Regions. That may be true, but at this point Lexicon has chosen not to assert a claim against Regions on alternative legal grounds. The only legal claims in this matter are between Lexicon and ACE and National Union, and revolve around the interpretation and scope of an insurance policy or contract, to which only Lexicon, ACE, and National Union are parties. Regions has no standing in the present action. The defendants are free to assert the defense that a third-party caused the error, if any, in policy coverage. Such a defense will not, without a claim by Lexicon against Regions, result in a judgment against a direct interest of Regions, as it contends. Based on the claims made thus far, Regions does not have a "direct, substantial, and legally protectable" interest in this litigation, meaning that Regions cannot intervene as of right under Rule 24(a). Regions has no standing to be a party in the present action. Regions cannot assert a claim under the insurance contract at issue, nor can any such claim be asserted against Regions. While Lexicon may, if it loses this action, assert a claim against Regions, Regions will not be bound by the judgment in this action. Regions does not have independent grounds for jurisdiction and declines to grant it permissive intervention under Rule 24(b). II. Lexicon has filed a motion for leave to file a first amended complaint, to include a claim for reformation of the terms of the ACE insurance policy or contract. When Lexicon filed its motion to amend on November 2, 2009, the deadline to seek leave to amend pleadings in this case was set for January 5, 2010.1 In its motion, Lexicon states that it had refrained from filing its motion to amend due to the pending motion to intervene by Regions. Lexicon says that if the Court had granted the motion to intervene, Lexicon then would have asserted its claims against Regions in the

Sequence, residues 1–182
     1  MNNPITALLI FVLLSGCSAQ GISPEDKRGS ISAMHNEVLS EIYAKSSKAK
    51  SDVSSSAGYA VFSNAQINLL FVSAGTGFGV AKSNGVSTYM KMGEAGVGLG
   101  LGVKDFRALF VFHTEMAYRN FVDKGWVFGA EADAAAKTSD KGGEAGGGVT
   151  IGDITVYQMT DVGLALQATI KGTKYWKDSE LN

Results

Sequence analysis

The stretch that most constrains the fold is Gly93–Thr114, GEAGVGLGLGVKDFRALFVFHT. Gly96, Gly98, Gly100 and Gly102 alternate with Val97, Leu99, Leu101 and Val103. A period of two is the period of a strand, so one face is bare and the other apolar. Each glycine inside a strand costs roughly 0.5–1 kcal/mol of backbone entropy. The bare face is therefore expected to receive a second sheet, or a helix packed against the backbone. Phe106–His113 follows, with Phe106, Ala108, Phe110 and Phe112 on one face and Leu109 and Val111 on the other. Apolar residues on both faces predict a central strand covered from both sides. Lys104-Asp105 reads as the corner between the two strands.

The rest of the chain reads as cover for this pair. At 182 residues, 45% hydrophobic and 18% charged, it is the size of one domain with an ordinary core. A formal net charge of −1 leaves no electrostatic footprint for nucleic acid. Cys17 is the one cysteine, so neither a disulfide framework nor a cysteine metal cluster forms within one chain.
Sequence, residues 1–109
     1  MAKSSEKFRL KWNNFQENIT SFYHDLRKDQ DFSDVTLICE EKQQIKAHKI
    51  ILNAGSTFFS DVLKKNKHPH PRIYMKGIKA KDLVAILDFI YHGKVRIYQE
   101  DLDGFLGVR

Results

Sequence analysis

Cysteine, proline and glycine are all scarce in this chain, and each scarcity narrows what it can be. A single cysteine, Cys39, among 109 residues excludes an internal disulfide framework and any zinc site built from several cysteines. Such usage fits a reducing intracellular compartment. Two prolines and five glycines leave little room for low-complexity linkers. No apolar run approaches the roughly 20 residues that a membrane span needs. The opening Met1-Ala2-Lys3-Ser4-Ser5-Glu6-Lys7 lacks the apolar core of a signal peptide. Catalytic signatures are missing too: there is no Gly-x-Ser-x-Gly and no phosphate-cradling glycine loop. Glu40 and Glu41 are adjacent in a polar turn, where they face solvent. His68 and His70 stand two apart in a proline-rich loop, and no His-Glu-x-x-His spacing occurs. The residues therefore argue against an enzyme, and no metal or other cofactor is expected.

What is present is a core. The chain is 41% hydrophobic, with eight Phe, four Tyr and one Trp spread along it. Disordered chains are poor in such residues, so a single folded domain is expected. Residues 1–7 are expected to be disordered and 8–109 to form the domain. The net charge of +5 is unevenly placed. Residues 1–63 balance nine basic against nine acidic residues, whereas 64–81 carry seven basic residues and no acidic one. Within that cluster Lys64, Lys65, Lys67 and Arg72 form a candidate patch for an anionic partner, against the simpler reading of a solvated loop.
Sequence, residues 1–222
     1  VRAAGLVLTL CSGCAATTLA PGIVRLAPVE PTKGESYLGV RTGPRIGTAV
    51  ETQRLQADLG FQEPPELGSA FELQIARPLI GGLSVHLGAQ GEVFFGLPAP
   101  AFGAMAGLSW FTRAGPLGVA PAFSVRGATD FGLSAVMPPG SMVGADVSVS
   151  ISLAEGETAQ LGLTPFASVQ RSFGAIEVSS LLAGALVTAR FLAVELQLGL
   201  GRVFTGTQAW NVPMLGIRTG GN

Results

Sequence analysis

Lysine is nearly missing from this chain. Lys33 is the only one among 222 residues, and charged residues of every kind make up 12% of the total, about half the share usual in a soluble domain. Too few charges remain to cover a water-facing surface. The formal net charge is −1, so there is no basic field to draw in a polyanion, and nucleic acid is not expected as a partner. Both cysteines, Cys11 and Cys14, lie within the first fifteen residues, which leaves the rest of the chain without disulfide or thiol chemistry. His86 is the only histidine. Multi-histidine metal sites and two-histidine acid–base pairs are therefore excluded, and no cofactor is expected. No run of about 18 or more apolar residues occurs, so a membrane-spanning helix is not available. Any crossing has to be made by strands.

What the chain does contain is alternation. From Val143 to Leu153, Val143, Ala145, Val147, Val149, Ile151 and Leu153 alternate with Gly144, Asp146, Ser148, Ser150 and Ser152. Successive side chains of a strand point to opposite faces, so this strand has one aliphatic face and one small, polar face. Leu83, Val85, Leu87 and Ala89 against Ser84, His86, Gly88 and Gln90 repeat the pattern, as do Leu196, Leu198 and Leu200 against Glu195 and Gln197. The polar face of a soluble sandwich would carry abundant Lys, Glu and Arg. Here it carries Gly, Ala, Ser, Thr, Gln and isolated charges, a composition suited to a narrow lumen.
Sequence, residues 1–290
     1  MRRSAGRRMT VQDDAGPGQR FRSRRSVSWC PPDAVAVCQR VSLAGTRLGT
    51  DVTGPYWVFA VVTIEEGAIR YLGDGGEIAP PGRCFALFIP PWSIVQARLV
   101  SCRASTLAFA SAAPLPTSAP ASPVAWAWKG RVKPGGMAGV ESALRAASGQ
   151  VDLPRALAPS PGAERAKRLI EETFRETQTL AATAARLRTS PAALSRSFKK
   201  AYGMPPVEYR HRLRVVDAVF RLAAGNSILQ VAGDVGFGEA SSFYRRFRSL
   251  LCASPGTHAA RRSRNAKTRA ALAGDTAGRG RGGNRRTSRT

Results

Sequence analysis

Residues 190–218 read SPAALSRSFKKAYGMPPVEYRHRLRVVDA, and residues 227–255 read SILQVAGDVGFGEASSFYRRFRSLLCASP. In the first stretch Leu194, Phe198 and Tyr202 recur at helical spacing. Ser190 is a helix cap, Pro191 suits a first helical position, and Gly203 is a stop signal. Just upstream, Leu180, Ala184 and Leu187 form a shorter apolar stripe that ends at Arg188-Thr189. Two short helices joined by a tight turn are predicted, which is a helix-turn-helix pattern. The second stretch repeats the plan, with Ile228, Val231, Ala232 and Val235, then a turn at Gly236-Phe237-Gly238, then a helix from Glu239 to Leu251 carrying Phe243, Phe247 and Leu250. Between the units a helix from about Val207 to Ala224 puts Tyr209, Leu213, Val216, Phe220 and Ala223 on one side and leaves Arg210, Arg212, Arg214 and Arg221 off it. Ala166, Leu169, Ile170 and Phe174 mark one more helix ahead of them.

The deadline to amend pleadings has since been extended to February 9, 2010. 4